My work focuses on the cultural history of voice and vocal sound in the late nineteenth and early twentieth centuries, drawing on an archive consisting of reviews, letters to newspaper editors, poetry, satire, and visual material (including cartoons). In my dissertation project, I track the fallout in Germany and Austria from large-scale changes to operatic vocal writing that spanned late nineteenth-century Europe, with a focus on the relationship between stylistic change and audile technique. I argue that compositional developments unsettled listeners’ expectation for voice to be dominant in opera, and describe new habits of interpretation whereby operatic voices and vocal sounds could be made to serve a staggering variety of political, cultural, and scientific projects.
Born and raised on Long Island, New York, I grew up going to see Broadway shows, experiences that sparked my enduring fascination with theater and stagecraft. I received my BA in Music from Cornell University in 2009, during which time I also worked as an Education Intern at the Metropolitan Opera Guild. After I graduated college, I took a year to work—first as a research assistant to Neal Zaslaw for Der neue Köchel project and later as the National Symphony Orchestra Education Intern at the John F. Kennedy Center for the Performing Arts in Washington, DC—before moving to London to pursue the MMus in Musicology at King’s College London. In 2012 I began my PhD at UC Berkeley, supported by a Berkeley-Mellon Fellowship.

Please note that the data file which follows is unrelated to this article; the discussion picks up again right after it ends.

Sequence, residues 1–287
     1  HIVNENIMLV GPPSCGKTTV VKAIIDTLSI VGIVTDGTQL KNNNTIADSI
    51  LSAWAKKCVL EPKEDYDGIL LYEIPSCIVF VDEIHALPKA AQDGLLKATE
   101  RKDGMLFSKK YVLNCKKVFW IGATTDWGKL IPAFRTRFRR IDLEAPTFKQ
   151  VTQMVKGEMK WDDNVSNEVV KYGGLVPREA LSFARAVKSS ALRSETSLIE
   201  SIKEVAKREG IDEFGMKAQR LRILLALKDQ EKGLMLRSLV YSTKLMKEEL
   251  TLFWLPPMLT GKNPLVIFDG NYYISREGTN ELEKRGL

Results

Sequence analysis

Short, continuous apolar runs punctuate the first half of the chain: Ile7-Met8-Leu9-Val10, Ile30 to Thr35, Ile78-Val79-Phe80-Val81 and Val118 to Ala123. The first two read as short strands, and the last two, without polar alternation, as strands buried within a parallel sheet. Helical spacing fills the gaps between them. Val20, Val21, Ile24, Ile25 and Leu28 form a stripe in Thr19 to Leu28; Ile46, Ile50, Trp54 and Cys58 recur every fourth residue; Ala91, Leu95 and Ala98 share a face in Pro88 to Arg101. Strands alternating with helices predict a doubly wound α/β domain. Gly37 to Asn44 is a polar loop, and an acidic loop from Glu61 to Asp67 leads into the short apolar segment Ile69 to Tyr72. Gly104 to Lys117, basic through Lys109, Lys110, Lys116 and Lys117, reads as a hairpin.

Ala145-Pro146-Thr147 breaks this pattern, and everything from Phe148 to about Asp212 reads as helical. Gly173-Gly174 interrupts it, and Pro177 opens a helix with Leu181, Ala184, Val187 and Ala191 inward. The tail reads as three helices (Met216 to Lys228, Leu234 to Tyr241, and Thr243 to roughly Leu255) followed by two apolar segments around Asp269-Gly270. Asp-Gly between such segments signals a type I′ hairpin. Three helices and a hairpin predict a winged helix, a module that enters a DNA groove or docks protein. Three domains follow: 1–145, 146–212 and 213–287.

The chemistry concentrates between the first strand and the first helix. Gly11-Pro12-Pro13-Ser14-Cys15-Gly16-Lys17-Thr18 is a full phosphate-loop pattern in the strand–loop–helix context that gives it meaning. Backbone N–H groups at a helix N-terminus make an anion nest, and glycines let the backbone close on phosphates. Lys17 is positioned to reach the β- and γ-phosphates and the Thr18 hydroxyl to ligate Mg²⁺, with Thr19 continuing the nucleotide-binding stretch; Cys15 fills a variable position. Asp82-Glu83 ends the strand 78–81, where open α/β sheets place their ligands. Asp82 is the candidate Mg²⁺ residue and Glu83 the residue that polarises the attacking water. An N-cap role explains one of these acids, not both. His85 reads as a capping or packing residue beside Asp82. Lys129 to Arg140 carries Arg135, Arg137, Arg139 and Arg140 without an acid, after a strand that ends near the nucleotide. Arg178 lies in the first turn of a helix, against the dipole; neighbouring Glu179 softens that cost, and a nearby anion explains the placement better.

During my time at Berkeley, I’ve co-organized a conference (“EZ” Music, 2016) on ways in which scholars might engage with generic, repetitive, or other hyper-legible music. I’ve also taught a wide range of courses, and in 2015 Berkeley’s Teaching and Resource Center recognized me as an Outstanding Graduate Student Instructor. My secondary interest in American musical theater led me to develop a popular undergraduate course in which students use the history of musical theater to interrogate current debates about American identity, immigration, race relations, and media. In 2018–19, I am the Una’s Fellow Dissertation Fellow at Berkeley’s Doreen B. Townsend Center for the Humanities.
Discourses of voice, technologies of operatic performance, transnational musical economies, American musical theater (particularly as regards questions of race and identity formation), the history of “modernity”
“Origins of a Menschendarstellerin: Characterization and Operatic Performance in fin-de-siècle Vienna” (forthcoming in 2019 from the Journal of the Royal Musical Association)
2018 “Animating Opera after Wagner,” presented at the conference “Wagner 1900” (Oxford, UK)
2017 “Giving Soul to a Music Box: Character and Voice in fin-de-siècle Vienna,” presented at the 83rd Annual Meeting of the American Musicological Society (Rochester).
2017 “Perceiving Humanness at the Opera, Vienna 1900,” presented as part of the seminar “Sights and Sounds: Mediating the Senses in German-Speaking Europe” at the Annual Meeting of the German Studies Association (Atlanta)
2016 “Hamilton, History, and Us,” presented at the conference “EZ Music” (Berkeley).
2015 “Elektra and the Ambiguity of the Scream,” presented at the 81st Annual Meeting of the American Musicological Society (Louisville).
2013 “Riots, Revision, and Rupture: Insurrection in Luc Bondy’s Don Carlos,” presented at the conference “Verdi’s Third Century: Italian Opera Today” (New York).